Grey dresser with floating shelves
Nursery with grey crib and glider and image images on wall

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Glider/Rocker: Rating Green

 Some people said we needed this and others said it wasn’t necessary.  After 5 months I decided I’m glad we have this.  It was great for nursing when we first brought Paxton home because the armrests really helped me position him.  I did eventually start nursing on the couch or in other areas instead of always holing up in his room.  I would still recommend having some type of comfy chair that rocks and has armrests to have in the nursery.  There isn’t any reason why I can’t feed Paxton on the couch now, but I like being able to go into his room before his nap or bedtime and turn the lights off and feed him there to settle him down and get him into sleep mode.  This chair is also a lifesaver when he is cranky because we can go in there and snuggle and rock, and he calms right down.  Having a chair with the area beneath the armrests open allows for your baby’s legs to stretch out as he gets bigger, but I just put Paxton’s legs on top of the armrest and don’t have any problems. This is the one that I have and would highly recommend.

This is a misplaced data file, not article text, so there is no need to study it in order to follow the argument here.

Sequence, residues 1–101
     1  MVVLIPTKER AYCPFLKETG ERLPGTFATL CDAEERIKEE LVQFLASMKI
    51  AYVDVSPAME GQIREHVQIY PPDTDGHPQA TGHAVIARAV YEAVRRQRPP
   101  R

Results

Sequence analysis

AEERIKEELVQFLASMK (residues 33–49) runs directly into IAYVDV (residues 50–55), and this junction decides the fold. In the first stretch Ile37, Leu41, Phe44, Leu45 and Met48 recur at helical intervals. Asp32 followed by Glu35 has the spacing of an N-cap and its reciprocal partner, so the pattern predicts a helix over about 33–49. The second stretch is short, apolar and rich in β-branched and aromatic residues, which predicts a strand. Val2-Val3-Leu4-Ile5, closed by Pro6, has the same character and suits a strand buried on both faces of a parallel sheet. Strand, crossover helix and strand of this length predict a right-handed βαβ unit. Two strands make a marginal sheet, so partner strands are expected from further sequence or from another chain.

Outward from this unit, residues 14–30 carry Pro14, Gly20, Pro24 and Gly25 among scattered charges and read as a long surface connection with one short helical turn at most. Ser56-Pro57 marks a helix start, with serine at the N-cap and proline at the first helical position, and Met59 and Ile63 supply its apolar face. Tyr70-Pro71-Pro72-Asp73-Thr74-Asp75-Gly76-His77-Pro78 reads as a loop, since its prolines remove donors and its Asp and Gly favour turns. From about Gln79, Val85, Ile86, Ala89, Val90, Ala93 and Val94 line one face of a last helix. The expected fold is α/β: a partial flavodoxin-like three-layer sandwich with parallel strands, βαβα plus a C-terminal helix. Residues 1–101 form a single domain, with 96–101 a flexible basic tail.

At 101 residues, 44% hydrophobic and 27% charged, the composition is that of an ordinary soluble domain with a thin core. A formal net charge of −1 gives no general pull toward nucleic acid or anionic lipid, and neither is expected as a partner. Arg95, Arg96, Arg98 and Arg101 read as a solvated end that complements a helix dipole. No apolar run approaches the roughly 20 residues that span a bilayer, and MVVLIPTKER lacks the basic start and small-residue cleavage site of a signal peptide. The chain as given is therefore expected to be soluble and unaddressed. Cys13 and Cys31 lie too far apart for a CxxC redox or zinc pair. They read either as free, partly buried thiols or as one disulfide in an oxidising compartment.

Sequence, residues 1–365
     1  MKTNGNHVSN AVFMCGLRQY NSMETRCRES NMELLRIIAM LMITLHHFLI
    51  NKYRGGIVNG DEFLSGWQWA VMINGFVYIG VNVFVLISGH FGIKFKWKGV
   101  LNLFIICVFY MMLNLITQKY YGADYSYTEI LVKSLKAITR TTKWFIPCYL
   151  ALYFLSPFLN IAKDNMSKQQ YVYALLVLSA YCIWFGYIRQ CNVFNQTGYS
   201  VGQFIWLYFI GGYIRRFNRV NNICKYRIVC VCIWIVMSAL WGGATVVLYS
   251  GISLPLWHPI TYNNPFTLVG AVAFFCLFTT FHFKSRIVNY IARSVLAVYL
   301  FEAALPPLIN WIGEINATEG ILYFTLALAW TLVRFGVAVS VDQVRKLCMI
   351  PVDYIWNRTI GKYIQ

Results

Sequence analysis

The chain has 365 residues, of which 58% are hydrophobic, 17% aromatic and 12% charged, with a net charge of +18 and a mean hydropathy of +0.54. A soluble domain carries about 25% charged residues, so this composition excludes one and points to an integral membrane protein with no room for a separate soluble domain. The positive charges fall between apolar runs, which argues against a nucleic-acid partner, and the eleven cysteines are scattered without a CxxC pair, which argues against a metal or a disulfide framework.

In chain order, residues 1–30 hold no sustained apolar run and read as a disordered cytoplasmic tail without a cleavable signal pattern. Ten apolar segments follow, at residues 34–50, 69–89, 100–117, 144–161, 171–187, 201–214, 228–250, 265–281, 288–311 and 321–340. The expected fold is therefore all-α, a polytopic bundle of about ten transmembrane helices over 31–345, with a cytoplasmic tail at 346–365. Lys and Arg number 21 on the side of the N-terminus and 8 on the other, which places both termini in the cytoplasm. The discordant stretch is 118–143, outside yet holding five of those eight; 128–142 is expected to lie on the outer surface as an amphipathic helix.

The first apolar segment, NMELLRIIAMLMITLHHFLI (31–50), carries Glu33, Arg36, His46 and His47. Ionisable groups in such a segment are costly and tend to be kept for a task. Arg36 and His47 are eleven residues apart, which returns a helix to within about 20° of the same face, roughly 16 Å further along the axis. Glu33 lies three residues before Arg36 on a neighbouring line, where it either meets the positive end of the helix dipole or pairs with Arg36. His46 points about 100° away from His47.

Nursery with grey crib, glider and window shutters

Humidifier: Rating Yellow

This was something that registry lists said I should include, and other mothers told me it was a must-have.  However, in 5 months I haven’t felt like I had to have it.  I do run it on a low setting pretty continuously and it may have helped when Paxton was pretty stuffy the first few weeks after he was born.  We have one that is a cute elephant shape, so it looks nice in the nursery. You can see it here. I guess when you need it, you want to make sure you have it, but I haven’t really had a major need.